A few weeks ago, we learned the incredible news that our friends from ENVISION, USAID’s flagship Neglected Tropical Diseases (NTDs) project, for which RTI serves as lead implementer, supported the Government of Nepal in eliminating trachoma.
Trachoma is a bacterial eye infection that can lead to corneal opacity, the foremost infectious cause of blindness worldwide. This dreaded, life-altering disease causes extreme pain and suffering.
What an achievement by this team, and how proud we are of them.
You might think that a team tackling such a serious public health problem would be large, but the ENVISION project office in Kathmandu includes 10 dedicated individuals. As I discovered during a visit to Nepal two months ago, while they may not be a large team, they’re certainly a mighty one, and their might grows out of their passion for solving problems and impacting lives.
During my visit, which included stops in India and Thailand, I met RTI experts who are front and center in the biggest battles facing communities and countries in their respective regions and in our world. Spending time with the individuals who comprise these teams was inspiring and educational, and it got me thinking about the big potential of small teams.
Small teams often have more opportunities than big teams to turn challenges into sources of strength. The teams I met with overseas—groups taking on complex issues relating to wildlife trafficking, clean water and sanitation, or early-grade reading—have learned to overcome seen and unforeseen obstacles, and to do so with limited resources, in low-resource settings. They’re not unlike small teams working on big problems at other organizations and in other fields.
But how do small teams make major changes? Let’s explore this using the TEAM acronym:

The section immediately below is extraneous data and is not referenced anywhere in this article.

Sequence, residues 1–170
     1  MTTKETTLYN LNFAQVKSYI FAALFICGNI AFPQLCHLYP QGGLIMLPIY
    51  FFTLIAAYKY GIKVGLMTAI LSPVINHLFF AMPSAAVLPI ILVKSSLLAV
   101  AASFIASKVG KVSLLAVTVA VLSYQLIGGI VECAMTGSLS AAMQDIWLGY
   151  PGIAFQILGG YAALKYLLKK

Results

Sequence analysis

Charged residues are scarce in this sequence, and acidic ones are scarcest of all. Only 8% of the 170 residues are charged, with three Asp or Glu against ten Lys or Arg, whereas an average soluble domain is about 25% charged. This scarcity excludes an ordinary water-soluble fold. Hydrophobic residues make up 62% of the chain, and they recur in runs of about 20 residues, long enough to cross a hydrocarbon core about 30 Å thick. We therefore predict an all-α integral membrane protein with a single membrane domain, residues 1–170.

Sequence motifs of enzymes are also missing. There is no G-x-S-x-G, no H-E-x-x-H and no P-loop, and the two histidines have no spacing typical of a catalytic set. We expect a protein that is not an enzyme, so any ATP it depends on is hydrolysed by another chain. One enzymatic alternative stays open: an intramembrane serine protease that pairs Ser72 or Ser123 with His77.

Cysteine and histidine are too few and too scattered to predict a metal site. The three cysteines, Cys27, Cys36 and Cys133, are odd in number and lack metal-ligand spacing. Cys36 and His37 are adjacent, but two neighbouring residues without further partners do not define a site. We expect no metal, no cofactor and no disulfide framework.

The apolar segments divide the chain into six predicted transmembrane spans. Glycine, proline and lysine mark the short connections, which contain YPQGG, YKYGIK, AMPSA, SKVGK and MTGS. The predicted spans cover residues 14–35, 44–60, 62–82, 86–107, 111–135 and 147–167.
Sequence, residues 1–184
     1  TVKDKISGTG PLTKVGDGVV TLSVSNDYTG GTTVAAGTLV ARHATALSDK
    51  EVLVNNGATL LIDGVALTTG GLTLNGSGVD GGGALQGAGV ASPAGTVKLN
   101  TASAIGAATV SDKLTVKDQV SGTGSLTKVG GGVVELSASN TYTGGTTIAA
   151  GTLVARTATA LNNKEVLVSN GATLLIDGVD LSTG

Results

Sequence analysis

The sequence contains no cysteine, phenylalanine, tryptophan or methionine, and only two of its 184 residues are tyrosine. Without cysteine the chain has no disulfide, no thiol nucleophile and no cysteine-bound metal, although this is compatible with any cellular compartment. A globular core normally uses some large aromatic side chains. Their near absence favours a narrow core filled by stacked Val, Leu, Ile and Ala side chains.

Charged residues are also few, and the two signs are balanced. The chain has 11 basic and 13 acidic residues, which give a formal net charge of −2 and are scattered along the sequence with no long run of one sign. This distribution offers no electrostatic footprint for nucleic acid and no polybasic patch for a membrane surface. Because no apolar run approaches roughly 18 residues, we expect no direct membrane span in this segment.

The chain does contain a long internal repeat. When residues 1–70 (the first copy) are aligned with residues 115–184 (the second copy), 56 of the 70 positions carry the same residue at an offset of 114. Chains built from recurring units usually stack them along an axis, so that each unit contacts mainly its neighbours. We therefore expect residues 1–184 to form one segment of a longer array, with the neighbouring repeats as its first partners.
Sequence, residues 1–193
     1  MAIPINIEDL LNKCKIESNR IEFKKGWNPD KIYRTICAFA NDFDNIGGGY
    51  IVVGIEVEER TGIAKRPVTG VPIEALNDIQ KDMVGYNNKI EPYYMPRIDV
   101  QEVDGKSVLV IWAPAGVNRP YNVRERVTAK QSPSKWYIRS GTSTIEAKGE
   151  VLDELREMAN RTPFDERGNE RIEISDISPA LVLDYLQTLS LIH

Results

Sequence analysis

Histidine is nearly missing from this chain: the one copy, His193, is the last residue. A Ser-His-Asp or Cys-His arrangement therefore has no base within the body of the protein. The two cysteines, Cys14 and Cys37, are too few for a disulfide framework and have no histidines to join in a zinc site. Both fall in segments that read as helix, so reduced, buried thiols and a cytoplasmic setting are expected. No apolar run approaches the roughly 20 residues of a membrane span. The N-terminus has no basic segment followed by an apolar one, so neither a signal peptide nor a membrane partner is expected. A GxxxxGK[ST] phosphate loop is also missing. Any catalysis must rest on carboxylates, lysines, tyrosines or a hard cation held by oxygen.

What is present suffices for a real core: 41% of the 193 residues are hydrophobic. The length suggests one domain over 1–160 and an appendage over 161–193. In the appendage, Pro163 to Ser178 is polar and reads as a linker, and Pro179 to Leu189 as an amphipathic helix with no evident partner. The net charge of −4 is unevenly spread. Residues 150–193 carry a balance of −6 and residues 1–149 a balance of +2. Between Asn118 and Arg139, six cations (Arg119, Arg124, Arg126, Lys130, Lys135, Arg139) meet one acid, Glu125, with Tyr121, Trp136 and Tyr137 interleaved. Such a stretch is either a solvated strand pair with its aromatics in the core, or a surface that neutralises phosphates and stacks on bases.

- T-Trust. Trust is a critical part of any high-performing team. Getting to really know someone—their strengths, special capabilities, passions, hot buttons—helps form bonds that build trust. Small teams are afforded a special opportunity simply because there are fewer people with whom to connect and interact. The sooner teammates can knit tight, trusting bonds with teammates, the quicker they can begin to tackle the task at hand.
- E-Ego…checked. We’re all familiar with the famous quote, “There is no ‘I’ in team.” Some pundits have been quick to add there is “an ‘m’ and an ‘e’ in team.” This wisdom is particularly important for small teams. When small teams are addressing big issues, there is always tons to do. Divas and drama are dark clouds for small teams. While an “I” focus drains energy from small teams, a willingness to engage “all of me” is different. This approach highlights what everyone can contribute. Shining your light without blocking a teammate illuminates what the whole team can do.
- A-Adaptability. Everyone knows speedboats are more nimble than battleships. Think of small teams as speedboats within your organization. Their size is an advantage, enabling members to quickly align around a problem or concept. Being small makes it easier to establish roles and responsibilities, zig-zag to avoid the inevitable obstacles, and flex to successfully navigate necessary changes. While situations arise that require the use of big teams, capitalizing on the agility and power of small teams can be an organizational advantage.
- M-Mission-focused. Having a common, meaningful purpose galvanizes small teams quickly. While this is true for big teams as well, members of small teams often speak about the closeness that develops when a few colleagues come together, bonded by the experience of achieving something truly mission-critical together. Mission-focused work can be the beacon to guide small teams when the level of work or obstacles loom too large. At RTI, our mission is to improve the human condition by turning knowledge into practice. Despite the different areas in which we work, this passion connects everyone in our organization. Our mission bonds and fuels our small teams to achieve huge results.
As evidenced by the success of ENVISION and all the other life-changing projects we work on every day around the globe, we have opportunities to make immediate, real-world impact. We learn and adapt quickly because we have to act strategically when forming and deploying teams to tackle big problems and achieve big results. As we’ve seen in Nepal and with other projects, by remembering to work as a TEAM, little can become big and small can become mighty.